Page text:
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David Anderson | Lake Placid Blue

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United States - California

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Pop: Folky Pop Folk: Folk-Rock Moods: Mood: Intellectual
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Lake Placid Blue

by David Anderson

Genre: Pop: Folky Pop
Release Date: 

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  Song Share Time Download
1. Charline Arthur
4:12 $0.99
2. Mystic Knights of the Folk-Rock Wars
3:29 $0.99
3. Tulsa Riot 1921
5:06 $0.99
4. I Wont Break Your Heart
3:22 $0.99
5. Big Star
3:29 $0.99
6. Lake Placid Blue
4:03 $0.99
7. Trouble All My Life
3:27 $0.99
8. The Edge of Yes
4:10 $0.99
9. The Belle of New Haven
10:50 $0.99
Downloads are available as MP3-320 files.


Album Notes
With a downhome folk charm, David Anderson’s “Lake Placid Blue” goes for a unique pastoral beauty. Sung straight from the heart, the soulful storytelling ties the whole of the album together. His narratives feel fully lived-in and realized to the fullest. Incorporating a great deal of color within the arrangements everything simply shimmers and shines. At times his work recalls the straightforward earnestness of the Mountain Goats, complete with a similar thoughtfulness to his song’s subjects. Multiple approaches add to the fervor of the album, from the passionate strings to the rustic singing of the acoustic guitar. Never overdoing things, the stripped-down spirit has an incredible charm to it.
Setting the tone for the whole album comes the laid-back mellow world of “Charline Arthur” where David Anderson brings a little bit of playfulness into the track. By far the highlight of the album comes from the clear-eyed intensity of “Mystic Knights of the Folk-Rock Wars”. A serious kick powers the highly detailed “Tulsa Riot”. Never rising above a mere whisper “I Won’t Break Your Heart” has a tenderness to it. On the title track “Lake Placid Blue” David Anderson crafts an entire rustic, rural sort of world, a thing of pure meditation. Bringing a bit of rock into the atmosphere is the defiant independence of “The Edge of Yes”. Perfectly concluding the album the serene “The Belle of New Haven (Sarah Winchester speaks from beyond)” goes for a haunted elegance.
David Anderson’s “Lake Placid Blue” goes for a lovely bloom of lives lived to the absolute fullest.
- skopemag.com

Morgan Hill, California-based singer-songwriter, David Anderson, has shared the stage with many of his very own folk idols, including Richard Thompson, Ramblin’ Jack Elliot, John Prine, Peter Rowan, Laurie Lewis, Iris DeMent and Tish Hinojosa.
With a passion for history and storytelling, he has made a vocation of injecting his favorite true-to-life tales into the music he writes. Placing a decade in-between albums, David’s previous releases include 1997’s Mad at the Moon, and 2008’s Layover in Reno. Now, another decade later, Anderson returns with the endearingly innocent, Lake Placid Blue, picking up the storytelling right where he left off ten years ago.
Immediately reminiscent of 70’s-era Neil Young, Mystic Knights Of The Folk-Rock Wars is a lovely bit of minimalist folk music. Acoustic guitars panned in both ears, kick, snare, a touch of viola elegance, and a kind story of surviving the times in one’s own way…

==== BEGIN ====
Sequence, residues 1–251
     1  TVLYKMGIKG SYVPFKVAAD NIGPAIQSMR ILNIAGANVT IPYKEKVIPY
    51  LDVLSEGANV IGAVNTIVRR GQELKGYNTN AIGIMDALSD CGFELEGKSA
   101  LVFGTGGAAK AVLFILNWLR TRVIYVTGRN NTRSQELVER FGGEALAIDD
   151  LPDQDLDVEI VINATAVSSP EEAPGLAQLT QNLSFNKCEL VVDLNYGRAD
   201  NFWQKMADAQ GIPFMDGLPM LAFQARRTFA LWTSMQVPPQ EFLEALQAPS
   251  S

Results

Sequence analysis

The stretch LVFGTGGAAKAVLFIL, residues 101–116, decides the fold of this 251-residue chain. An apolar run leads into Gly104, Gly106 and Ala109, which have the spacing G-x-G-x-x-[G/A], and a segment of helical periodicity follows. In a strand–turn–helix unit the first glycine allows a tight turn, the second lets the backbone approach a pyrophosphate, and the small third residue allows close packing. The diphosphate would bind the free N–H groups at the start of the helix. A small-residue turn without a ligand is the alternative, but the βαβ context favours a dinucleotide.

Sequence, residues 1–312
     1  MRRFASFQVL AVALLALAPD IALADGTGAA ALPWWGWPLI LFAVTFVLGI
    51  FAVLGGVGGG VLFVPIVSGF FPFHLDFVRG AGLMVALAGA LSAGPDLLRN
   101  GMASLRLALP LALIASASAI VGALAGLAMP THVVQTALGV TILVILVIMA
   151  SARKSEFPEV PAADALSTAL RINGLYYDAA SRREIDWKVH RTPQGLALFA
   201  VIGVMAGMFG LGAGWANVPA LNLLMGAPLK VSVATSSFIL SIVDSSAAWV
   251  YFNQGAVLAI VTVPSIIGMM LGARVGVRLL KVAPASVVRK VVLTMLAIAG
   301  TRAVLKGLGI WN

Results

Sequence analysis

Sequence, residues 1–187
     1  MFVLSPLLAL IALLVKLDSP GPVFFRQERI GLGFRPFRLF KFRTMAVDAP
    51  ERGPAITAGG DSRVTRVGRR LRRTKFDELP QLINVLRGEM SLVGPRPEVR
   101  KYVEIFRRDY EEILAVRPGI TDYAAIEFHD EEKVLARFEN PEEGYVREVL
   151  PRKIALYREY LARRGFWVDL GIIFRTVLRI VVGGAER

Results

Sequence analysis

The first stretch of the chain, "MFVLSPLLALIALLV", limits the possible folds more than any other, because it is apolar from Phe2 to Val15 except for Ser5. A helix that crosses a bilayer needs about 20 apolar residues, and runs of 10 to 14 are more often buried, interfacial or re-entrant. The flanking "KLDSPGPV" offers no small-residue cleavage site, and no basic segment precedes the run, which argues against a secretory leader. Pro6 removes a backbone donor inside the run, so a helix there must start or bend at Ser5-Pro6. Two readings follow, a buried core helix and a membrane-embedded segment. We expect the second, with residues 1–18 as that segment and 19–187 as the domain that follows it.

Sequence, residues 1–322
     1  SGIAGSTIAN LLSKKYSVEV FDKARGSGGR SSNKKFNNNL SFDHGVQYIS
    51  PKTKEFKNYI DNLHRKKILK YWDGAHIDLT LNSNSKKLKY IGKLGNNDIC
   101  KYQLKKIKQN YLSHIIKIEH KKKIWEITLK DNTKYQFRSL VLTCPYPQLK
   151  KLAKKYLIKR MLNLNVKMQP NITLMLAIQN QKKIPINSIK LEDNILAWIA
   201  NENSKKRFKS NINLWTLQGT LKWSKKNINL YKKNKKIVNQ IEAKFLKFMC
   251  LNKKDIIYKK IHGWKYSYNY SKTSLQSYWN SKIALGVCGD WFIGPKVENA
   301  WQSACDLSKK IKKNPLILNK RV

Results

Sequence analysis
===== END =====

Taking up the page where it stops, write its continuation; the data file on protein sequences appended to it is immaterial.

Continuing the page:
“I have come to learn, it’s truth that I adore
Tell me less and mean it more…”
—Mystic Knights Of The Folk-Rock Wars

A tale of the Tulsa race riot of 1921, the smooth R&B flavor of Tulsa Riot has a psychedelic touch to the electric guitars, and an overall Sid Haggan quality to it.
I Won’t Break Your Heart feels like Roy Orbison cut a track with Willie Nelson. It’s warm and uncomplicatingly tender; a reminder that life is never black and white, and regardless, love still rules…
“60’s memories, mostly good
Sometimes when you know you shouldn’t
It means you should
Sometimes when you think you couldn’t
It means you could
And I love you
I won’t break your heart…”
The cathartic, REO Speedwagon-esque, Big Star, brings a refreshing take on the oldest questions in life.
“Bring me to my senses, bring me to the brink
Bring me to the water, you can’t make me drink
If it’s all the same, tell me who you are
If it’s all a game, you must be a big star…”
Profoundly tasteful. Deeply thoughtful. Endearingly unrefined. David Anderson’s latest album, the unassumingly emotive, Lake Placid Blue, is living proof that most things in life get better with age. Musically, the layers of bluesy/folksy acoustic guitar work give the album its magically rustic personality, while Anderson’s prose and subtle vocal timbre deliver the substance. I always like to be transparent when a project catches me by surprise. And, this record did just that. It’s warmth and sincerity make it an “all the time” playlist option.
- The Ark of Music

David Anderson: Lake Placid Blue Album Review: An Indie Rock Triumph
December 2, 2018 Thorne Stone Music 0

Lake Placid Blue by David Anderson is nothing short of a triumph. There is something special about every track of the album and each brings a unique charm to the album. Whatever the case though, each track definitely pays homage to one or more of the loves of David Anderson. Whether it be historical storytelling, his varied rock, country, and folk influences, or his love for California each track on Lake Placid Blue illustrates it beautifully in both lyrics and instrumentals. The album is definitely one that speaks to the experiences and breadth of musical talents he has exposed himself to.